These reasons in a nutshell are why I cannot understand why Helena’s desire to have an adulterous affair with a married man makes Venetia and the others gasp like fish on the shore. While, sure, no one could actually do anything about Venetia abandoning her family in America to hop on the Love Boat, because she didn’t let on to anyone her feelings unlike Helena who seems to be an open book, but come on. And then there’s Fitzy-boy, who I suppose we must attribute the fact that he’s the family golden boy. Everyone is so gosh damn sympathetic to him and his life-long sweetheart that they just tisk in sympathy and pat him on the back as he prepares to blatantly have an affair in front of his wife, society and every sheep in the idyllic damn county he was going to buy a house in. Did this make either of them into selfish ho-bags? For some miraculous reason it did not. but it makes Helena all kinds of selfish, horrid wrong. Let me be clear, I thought they were all rather selfish, and not a little ho-baggish at times.

Let’s be clear here. Helena’s family and their small army of servants spends a great deal of time over the years being, for lack of better terms, Helena’s jailors. They watch her like a hawk and aren’t above having the maids tie Helena down if it comes to be that necessary. They do everything they can to assure Helena that her particular game of love is wrong wrong wrong while never treating themselves to the same whilst they were at the height of their own indiscretions.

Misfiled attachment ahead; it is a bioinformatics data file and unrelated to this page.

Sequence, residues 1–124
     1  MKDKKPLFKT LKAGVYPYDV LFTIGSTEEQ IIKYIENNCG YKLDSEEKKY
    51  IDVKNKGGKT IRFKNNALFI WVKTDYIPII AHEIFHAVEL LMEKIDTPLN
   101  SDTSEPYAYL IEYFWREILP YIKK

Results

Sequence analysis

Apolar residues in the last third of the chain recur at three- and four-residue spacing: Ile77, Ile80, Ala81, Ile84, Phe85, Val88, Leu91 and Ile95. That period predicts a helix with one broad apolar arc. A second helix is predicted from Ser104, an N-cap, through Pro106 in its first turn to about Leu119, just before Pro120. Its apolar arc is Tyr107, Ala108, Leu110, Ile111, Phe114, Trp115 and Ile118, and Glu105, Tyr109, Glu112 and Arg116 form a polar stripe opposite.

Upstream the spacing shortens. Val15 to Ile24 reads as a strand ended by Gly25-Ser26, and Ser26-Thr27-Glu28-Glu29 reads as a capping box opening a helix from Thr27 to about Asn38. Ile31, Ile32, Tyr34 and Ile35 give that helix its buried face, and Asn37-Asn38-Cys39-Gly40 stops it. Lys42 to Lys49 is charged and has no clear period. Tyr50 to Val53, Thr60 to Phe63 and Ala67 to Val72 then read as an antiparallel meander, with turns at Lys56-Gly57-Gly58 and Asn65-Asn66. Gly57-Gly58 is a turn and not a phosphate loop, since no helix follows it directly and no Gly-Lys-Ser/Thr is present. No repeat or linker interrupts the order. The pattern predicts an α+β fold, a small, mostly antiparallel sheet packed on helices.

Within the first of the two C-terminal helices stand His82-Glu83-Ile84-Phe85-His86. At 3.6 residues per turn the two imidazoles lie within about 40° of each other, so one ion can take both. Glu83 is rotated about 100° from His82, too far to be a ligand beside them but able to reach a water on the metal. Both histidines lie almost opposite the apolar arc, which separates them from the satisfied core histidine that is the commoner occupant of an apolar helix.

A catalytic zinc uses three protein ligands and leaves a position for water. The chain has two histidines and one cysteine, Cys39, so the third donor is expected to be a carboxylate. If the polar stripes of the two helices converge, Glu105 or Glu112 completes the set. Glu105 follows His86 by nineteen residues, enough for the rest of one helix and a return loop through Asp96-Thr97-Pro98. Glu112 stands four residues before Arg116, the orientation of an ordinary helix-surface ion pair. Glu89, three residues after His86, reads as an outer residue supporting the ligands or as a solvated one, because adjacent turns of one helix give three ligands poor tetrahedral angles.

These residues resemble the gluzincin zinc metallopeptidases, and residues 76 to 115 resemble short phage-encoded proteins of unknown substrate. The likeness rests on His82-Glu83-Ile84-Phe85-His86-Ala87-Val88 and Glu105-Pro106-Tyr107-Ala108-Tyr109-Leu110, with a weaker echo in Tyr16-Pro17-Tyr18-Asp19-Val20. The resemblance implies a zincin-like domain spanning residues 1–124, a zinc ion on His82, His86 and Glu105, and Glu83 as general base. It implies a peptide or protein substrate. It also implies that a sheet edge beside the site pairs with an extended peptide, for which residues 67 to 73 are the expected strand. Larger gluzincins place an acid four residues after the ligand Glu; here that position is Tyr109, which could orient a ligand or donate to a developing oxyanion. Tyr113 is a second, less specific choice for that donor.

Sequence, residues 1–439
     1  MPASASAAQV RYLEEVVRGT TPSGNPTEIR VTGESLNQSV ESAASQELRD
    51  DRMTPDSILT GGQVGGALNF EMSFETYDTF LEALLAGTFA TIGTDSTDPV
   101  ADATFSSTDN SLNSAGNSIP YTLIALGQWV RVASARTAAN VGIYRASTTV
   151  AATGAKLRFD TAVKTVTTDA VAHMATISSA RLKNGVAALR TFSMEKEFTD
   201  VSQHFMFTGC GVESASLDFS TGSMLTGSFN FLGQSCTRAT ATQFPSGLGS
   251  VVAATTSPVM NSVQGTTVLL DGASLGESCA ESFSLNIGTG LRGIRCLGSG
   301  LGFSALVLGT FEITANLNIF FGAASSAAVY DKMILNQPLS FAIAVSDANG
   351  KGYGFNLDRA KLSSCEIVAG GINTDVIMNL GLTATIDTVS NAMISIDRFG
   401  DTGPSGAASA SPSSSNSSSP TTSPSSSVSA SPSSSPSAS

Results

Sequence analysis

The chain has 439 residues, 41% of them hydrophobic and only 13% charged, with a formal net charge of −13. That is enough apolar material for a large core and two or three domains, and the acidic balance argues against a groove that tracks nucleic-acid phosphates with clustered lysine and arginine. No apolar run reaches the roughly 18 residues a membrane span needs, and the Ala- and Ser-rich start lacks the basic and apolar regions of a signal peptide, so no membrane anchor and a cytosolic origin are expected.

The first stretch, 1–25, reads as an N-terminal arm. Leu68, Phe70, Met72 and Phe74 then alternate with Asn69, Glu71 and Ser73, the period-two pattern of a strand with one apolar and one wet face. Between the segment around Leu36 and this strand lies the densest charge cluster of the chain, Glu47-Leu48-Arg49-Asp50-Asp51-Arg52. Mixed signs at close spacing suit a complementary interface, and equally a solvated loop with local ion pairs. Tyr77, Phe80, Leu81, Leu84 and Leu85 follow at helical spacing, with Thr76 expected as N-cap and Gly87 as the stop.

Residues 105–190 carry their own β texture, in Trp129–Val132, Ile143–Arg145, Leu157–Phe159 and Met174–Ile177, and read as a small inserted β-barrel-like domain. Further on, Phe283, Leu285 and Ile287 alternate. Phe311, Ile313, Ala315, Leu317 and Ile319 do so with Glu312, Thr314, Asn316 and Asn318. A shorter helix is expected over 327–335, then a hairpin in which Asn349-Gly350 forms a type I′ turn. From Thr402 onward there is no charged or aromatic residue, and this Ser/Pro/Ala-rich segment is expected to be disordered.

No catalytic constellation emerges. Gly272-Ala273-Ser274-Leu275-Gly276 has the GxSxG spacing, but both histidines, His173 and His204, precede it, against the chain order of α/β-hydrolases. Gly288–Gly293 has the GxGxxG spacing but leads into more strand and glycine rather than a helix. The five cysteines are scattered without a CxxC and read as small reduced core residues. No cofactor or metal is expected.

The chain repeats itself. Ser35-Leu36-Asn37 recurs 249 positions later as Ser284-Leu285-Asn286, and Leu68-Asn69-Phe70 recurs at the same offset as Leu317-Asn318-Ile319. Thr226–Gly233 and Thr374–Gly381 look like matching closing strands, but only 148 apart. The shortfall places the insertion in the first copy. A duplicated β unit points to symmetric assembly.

I was prepared to wince my way through another book in the series where the other couples frequently interrupt any meaningful development of Helena and Hasting’s relationship, but it was as if this was the book the series was trying to be. I mean that, I got the sense that this was the series’ ultimate goal all along, because Helena and Hastings’ relationship is in fact not constantly bombarded by Fitz/Millie/Venetia/Lexington moments – though we are treated to a couple of small ones that assure readers all is a bit sickeningly sweet in those arenas. (Since I wasn’t a big fan of the other books, seeing them this go around came across as pretty cloying and overly done – hello, Fitz and Millie, stop making out in front of a supposedly sleeping Helena and get a silk-wallpaper-clad room of your own.) Helena and Hastings hold much more of a center stage in this one, and I can’t help but wonder why the need to write the series as it was. Helena and Hastings felt like the reason for it all, with much better character development, thank goodness.